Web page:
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Will 2008 Be Looked Back On As Worse, Or Much, Much Worse Than 1929? Part I

By Andy Shaw | January 23, 2010

Originally Posted 25th March 2008

There has been so much going on recently in the Credit Crunch that I think I could spend 200% of my time writing about it and still not explore all of the probabilities, let alone the possibilities. I also considered not saying anything about it as sometimes the truth can be really scary! So I knew before I told you all what I’m about to that I had to be able to present this info in a way that you could actually see the opportunities presented rather than getting depressed about it.

So the trouble is deciding what parts are most relevant to you as the property investor?

I watch the media and a lot of what is going at the moment on is being talked about, but as the financial guru’s are all speaking in their jargon, unless you are fluent in it, then you could actually think that there isn’t that much going on at all. It’s just the financial world having a few problems that doesn’t really affect me. Well, it does affect you!

And in actual fact there is so much going on that everytime I think, ‘I’ll write about that’, another chess piece either moves or falls which changes the importance of what I was going to discuss here. And they make moves that I didn’t know even existed in the game. It’s fair to say that the media actually seems to be keeping up with a lot of this stuff, but as the editors either don’t know or don’t understand the levels of importance then it is difficult for them to explore what is really happening.

Like last week, for instance, with the Fed cutting rates by 0.75%; it’s like trying to push the QE2 with a piece of string. But what else can they do, at least they are attempting to do something, unlike our central bank which has its hands tied by a mandate of watching inflation. Still, it does look like Mr King has had his ties loosened just a little as he has been hinting that he will let inflation rates rise slightly. I think I’ve mentioned before that if inflation is bad, recession is a 100 times worse, but what I haven’t mentioned is depression, and that’s 10,000 times worse and if the central banks don’t act in the right ways that’s where we could end up. If that happens then ‘All Bets Are Off!’.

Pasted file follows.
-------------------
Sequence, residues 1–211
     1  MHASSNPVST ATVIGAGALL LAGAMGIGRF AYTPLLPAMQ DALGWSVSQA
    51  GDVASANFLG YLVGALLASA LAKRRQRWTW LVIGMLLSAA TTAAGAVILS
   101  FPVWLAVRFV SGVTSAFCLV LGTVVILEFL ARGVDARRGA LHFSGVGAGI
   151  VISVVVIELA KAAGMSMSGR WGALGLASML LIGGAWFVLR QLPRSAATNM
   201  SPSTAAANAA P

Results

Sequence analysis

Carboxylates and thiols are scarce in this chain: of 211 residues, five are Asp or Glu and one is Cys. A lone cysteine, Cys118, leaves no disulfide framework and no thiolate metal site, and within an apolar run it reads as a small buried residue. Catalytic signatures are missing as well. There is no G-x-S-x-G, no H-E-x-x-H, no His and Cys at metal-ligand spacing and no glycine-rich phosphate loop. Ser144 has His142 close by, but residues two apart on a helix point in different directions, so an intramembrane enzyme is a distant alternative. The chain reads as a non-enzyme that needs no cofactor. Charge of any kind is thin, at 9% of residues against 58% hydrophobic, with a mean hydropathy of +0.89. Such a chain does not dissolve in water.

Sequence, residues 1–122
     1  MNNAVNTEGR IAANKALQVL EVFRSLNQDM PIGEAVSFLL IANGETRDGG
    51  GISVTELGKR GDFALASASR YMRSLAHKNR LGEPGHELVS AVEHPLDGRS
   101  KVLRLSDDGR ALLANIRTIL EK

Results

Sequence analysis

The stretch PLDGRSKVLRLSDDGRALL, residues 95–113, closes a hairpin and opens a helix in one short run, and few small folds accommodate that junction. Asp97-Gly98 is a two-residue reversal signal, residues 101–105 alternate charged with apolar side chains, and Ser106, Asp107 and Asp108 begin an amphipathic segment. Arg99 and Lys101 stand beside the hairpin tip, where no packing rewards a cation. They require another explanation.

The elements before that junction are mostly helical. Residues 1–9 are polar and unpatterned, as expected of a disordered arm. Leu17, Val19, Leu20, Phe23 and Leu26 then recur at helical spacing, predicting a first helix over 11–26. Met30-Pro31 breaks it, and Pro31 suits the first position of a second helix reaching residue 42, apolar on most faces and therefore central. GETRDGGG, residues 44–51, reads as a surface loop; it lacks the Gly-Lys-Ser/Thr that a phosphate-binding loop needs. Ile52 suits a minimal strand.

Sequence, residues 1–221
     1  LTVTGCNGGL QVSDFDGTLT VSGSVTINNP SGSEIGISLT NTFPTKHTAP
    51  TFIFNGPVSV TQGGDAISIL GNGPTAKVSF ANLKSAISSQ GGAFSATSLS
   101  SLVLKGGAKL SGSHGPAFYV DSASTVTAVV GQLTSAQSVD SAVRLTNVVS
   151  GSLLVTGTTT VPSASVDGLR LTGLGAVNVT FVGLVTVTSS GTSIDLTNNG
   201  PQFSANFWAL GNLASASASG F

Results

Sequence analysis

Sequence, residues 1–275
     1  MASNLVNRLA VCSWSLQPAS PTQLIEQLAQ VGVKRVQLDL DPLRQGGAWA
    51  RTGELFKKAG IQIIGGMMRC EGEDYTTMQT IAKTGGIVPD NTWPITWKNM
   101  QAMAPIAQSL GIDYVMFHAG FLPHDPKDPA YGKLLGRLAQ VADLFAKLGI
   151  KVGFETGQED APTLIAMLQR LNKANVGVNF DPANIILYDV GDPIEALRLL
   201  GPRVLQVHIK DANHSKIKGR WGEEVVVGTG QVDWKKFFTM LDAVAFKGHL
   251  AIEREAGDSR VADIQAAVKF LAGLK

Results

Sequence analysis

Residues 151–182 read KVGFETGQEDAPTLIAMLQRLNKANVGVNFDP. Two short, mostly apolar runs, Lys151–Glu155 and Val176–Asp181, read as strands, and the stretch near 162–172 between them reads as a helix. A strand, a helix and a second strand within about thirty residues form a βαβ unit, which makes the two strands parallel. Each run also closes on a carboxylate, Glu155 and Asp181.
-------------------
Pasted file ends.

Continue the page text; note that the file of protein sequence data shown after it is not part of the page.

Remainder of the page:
So, the question is how much longer is Gordon Brown going to fiddle whilst our economy burns? If he had actually understood what was going on then there is a damn good chance that the very worst part of this credit crunch could have been averted. If, for example, he hadn’t sat on his hands when the Northern Rock crisis landed on his desk and instead he had just helped the ‘Lloyds buy out’, then this whole thing could probably have been contained by the central banks. Instead, because he didn’t understand the ramifications of his actions and because he didn’t understand that it would cost him more to go down the road he actually went down (in other words, he can’t add up very well), he opted for what looked like the path of least resistance and therefore we had a run on a British bank (unthinkable, even as I type now!).

But there is a glimmer of hope at the moment seen last week when Bear Stearns fell the Fed and JP Morgan moved to buy this fantastic business (with a cashflow problem caused by a lack of market confidence) for a few cents on the dollar. What kind hearted individuals ;-|. When I saw this happen my natural sceptic came through as this sort of thing is exactly the way I’d plan business takeovers, that’s if I was playing a board game and it wasn’t real life. The trouble is this is real life and I think they are still playing as if it’s a game. Which, of course, at their level, for them at least, it is; I was always too nice to be in real business :-)